“In any event, as I have said, these are matters for argument and consideration as and when an appropriate case is brought for determination before this court.”
The media allowed these conflicting arguments from the same court to pass without thorough scrutiny, which would have helped inform the public on the meaning of the judgment with regards media freedom.
More importantly, the court’s observation that the right to freedom of expression could be subordinated to other civil liberties, contrary to international human rights law that considers all rights to be equal, and that freedom of expression could be limited under the same constitution should have prodded the media to further examine the ruling vis-a-vis the legal challenges that still confront the media.
Granted, the ruling resulted in the subsequent acquittal of Daily News staffers Stanley Gama and Fungi Kwaramba who were arrested early this year facing criminal defamation charges over a different matter, but this does not mean criminalisation of defamation was automatically struck off the statutes.
Clearly, as the ConCourt judgment demonstrates, there are still potential legal battles to be fought before the law could be repealed.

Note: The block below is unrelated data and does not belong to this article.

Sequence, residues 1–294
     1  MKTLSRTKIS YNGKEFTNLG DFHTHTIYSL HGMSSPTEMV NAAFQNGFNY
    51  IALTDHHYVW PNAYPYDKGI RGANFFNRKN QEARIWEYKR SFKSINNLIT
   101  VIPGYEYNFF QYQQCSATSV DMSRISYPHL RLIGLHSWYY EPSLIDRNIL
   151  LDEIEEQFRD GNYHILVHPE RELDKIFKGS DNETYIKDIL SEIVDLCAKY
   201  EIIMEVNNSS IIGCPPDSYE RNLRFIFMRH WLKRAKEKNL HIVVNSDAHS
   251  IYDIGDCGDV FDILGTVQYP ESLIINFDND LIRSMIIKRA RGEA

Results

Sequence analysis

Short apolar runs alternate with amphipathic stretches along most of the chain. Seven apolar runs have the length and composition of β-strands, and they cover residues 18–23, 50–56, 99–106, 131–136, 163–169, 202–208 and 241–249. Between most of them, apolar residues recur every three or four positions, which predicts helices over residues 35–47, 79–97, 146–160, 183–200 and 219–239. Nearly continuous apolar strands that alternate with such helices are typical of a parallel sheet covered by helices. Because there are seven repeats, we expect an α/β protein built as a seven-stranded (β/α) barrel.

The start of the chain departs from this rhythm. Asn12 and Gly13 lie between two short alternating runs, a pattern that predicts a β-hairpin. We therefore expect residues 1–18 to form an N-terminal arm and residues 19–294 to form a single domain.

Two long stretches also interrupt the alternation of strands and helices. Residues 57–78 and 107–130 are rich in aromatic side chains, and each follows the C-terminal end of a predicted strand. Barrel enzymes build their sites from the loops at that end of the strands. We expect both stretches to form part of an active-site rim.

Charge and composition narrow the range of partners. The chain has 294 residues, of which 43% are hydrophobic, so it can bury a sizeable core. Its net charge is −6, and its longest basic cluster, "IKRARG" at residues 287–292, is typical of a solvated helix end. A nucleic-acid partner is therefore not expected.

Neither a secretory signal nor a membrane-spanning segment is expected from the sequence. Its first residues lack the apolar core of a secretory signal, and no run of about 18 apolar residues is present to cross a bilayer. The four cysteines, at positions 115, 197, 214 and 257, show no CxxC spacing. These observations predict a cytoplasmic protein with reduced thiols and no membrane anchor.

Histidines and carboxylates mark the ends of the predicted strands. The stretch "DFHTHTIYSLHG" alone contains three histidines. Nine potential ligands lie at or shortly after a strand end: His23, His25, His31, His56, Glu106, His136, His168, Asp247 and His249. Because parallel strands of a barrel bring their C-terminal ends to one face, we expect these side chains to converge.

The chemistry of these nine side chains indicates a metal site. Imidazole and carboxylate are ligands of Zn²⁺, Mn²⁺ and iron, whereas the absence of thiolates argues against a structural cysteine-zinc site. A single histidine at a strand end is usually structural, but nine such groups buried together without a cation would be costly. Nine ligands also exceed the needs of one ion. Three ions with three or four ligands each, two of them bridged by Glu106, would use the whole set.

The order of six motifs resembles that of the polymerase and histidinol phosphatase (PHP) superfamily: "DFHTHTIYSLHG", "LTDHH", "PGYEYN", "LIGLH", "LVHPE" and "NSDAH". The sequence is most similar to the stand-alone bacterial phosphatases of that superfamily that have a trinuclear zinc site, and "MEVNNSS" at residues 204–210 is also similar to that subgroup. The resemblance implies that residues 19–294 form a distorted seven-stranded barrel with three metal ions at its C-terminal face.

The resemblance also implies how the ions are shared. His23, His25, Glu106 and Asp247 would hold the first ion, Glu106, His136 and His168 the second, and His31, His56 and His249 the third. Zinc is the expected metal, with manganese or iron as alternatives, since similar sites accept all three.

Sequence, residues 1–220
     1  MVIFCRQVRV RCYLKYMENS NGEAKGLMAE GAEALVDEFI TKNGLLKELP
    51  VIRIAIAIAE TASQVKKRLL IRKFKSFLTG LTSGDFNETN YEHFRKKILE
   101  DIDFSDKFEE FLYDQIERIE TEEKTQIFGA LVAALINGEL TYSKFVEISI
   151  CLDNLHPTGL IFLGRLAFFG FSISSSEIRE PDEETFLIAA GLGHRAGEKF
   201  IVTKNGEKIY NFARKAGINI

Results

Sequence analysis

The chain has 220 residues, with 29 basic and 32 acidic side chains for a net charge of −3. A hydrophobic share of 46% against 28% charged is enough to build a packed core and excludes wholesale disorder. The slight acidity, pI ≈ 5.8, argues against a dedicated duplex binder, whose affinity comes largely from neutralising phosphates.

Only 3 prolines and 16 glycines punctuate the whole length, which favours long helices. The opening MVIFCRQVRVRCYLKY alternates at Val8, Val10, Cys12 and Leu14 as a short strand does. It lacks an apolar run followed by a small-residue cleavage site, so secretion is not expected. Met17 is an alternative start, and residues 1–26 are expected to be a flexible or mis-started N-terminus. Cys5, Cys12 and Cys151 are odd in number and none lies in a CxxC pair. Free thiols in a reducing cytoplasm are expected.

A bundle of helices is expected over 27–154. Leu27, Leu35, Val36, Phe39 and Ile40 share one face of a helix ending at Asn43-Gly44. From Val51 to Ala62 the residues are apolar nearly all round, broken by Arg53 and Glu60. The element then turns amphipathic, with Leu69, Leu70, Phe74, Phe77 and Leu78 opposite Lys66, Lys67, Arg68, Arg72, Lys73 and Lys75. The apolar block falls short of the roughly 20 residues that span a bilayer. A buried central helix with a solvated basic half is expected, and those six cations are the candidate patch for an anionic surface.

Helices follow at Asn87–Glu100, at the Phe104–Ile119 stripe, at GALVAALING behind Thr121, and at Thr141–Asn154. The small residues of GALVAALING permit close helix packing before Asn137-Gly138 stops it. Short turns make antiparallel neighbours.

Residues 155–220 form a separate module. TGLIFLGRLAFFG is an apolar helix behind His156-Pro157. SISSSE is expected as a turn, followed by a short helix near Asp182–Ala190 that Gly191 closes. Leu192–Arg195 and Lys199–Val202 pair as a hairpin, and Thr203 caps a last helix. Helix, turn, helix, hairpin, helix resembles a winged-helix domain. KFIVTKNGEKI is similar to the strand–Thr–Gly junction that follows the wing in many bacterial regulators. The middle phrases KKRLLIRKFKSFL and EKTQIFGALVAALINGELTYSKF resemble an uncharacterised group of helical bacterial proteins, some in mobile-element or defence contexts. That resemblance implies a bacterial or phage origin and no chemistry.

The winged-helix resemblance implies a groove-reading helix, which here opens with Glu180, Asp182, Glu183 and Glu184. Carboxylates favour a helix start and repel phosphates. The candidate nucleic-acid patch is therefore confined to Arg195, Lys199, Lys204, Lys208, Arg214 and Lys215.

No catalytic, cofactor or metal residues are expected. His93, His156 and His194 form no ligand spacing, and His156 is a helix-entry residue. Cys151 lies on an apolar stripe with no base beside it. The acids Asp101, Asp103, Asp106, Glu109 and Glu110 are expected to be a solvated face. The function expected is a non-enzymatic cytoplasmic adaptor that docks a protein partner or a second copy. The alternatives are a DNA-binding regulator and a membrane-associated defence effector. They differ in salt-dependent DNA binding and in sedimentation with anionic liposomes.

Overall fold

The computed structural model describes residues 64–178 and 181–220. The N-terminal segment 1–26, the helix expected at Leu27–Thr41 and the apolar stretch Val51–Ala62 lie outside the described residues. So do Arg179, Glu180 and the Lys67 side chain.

And until such a time there is holistic review and repeal of the country’s repressive expression laws in accordance with the new constitution, the old despotic legislative instruments will continue to hover over the heads of journalists and Zimbabweans sending a chilling effect in the exercise of their rights.
Indeed, while the establishment of the ConCourt under the new constitution and its judgments offer the requisite last line of defence for media practitioners, the mere fact that journalists can still be arrested and summoned to police stations under the old legislative environment is still a major cause for concern.
It doesn’t matter if they are then subsequently acquitted by the courts, the intimidatory and chilling effect of being summoned by the country’s feared law enforcement agents cannot be relieved by a court’s intervention several months down the line. The damage would have already been done!
It is only through adequate and unambiguous legislative safeguards that the media can exercise their enterprise and it is the media themselves that can influence the adoption of such reforms. They therefore should stay the course in the fight for a complete overhaul of the country’s media legislative framework and avoid interpreting steps in a long journey to mean arrival.
This is because their operational space is still littered with laws that can still be used to criminalise their work in the same manner and force as the laws they have erroneously celebrated as now invalid.
Ngwenya is the director of Media Institute of Southern Africa-Zimbabwe.